tion to determine the most pressing issues for the report to address, and the types of scientists who should be invited to provide more specific input to the committee.
The committee also convened three advisory panels during the winter of 2001—in Chemistry, Physics and Engineering, and Mathematics and Computer Science—to provide expert advice on how to teach their respective disciplines to biology majors, both in biology classrooms and laboratories and in introductory courses of their respective disciplines. The panel participants were chosen from a large pool of names provided by NAS section liaisons, representatives of professional societies and educational associations, NRC staff, and others. The panel participants were also asked to recommend presenters for a workshop. The panels each consisted of seven to ten members drawn from diverse institutions of higher education and led by a Bio2010 committee member with expertise in the respective discipline (see Appendix C). They provided written accounts of their findings and recommendations to the Bio2010 Committee.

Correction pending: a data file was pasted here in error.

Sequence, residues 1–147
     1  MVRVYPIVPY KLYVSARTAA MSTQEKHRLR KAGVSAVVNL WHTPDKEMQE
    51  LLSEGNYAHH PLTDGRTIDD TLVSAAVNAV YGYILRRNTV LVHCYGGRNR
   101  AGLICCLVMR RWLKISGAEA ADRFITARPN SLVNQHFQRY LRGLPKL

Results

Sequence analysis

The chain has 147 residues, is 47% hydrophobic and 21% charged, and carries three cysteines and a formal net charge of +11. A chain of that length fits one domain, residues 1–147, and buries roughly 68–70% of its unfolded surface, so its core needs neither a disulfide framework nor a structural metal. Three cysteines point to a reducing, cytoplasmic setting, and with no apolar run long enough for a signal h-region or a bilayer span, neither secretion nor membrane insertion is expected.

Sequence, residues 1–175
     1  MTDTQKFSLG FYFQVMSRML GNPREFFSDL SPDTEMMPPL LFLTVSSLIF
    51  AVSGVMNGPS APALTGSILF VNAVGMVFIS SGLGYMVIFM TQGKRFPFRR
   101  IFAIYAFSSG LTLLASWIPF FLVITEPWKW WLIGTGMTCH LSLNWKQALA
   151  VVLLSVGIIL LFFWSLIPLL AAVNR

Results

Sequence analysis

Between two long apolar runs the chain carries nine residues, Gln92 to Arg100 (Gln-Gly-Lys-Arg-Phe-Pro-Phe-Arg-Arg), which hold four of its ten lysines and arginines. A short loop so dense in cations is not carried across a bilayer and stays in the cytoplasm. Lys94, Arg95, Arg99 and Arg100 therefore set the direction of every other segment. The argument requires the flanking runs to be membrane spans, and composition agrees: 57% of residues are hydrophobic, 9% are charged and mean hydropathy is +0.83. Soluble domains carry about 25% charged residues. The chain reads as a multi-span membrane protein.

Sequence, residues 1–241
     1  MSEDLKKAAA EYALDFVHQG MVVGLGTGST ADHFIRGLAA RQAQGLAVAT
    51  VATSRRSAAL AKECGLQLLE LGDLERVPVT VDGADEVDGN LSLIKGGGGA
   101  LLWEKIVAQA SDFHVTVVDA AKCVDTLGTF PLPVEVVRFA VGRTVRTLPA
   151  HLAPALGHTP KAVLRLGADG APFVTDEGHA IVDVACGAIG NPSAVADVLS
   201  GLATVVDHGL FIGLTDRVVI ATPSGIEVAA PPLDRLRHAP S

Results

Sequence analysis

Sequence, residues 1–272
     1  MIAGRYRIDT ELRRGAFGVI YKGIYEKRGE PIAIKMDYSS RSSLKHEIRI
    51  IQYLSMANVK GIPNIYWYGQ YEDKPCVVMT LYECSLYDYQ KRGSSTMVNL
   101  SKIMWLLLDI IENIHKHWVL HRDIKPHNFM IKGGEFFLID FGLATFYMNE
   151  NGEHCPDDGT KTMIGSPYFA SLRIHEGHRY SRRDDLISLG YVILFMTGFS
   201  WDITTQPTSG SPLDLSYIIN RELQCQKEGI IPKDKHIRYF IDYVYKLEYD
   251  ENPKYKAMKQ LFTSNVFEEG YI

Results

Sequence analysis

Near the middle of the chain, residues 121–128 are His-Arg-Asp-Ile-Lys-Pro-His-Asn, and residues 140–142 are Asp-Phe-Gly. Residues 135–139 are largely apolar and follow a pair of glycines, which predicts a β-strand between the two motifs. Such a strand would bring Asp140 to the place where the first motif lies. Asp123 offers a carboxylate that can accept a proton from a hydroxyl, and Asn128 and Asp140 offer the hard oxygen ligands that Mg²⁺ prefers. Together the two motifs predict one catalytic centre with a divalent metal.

Another important source of information and advice for the committee was the “Workshop on Innovative Undergraduate Biology Education,” which was organized by the Bio2010 Committee and held in Snowmass, Colorado, in August 2001. Participants were selected as described above for the panels. Sixteen participants from colleges, universities, foundations, and the federal government were invited to share with the Bio2010 Committee their experiences and opinions on methods for teaching undergraduate science (See Appendix G). In designing the workshop, the committee first considered the working papers prepared by the panels. They discussed the issues that had arisen during the panel meetings, looking for both similarities and differences between disciplines. They selected issues for the workshop that they wanted to learn more about. They identified individuals to invite from the large pool of suggestions already collected and solicited additional names from experts in the relevant fields under consideration. The participants in the workshop were provided with the working papers of the panels and asked to provide comments on them to the committee. They also presented material on their own educational endeavors, suggested relevant case studies, and recommended other sources of information for the committee as it completed its report.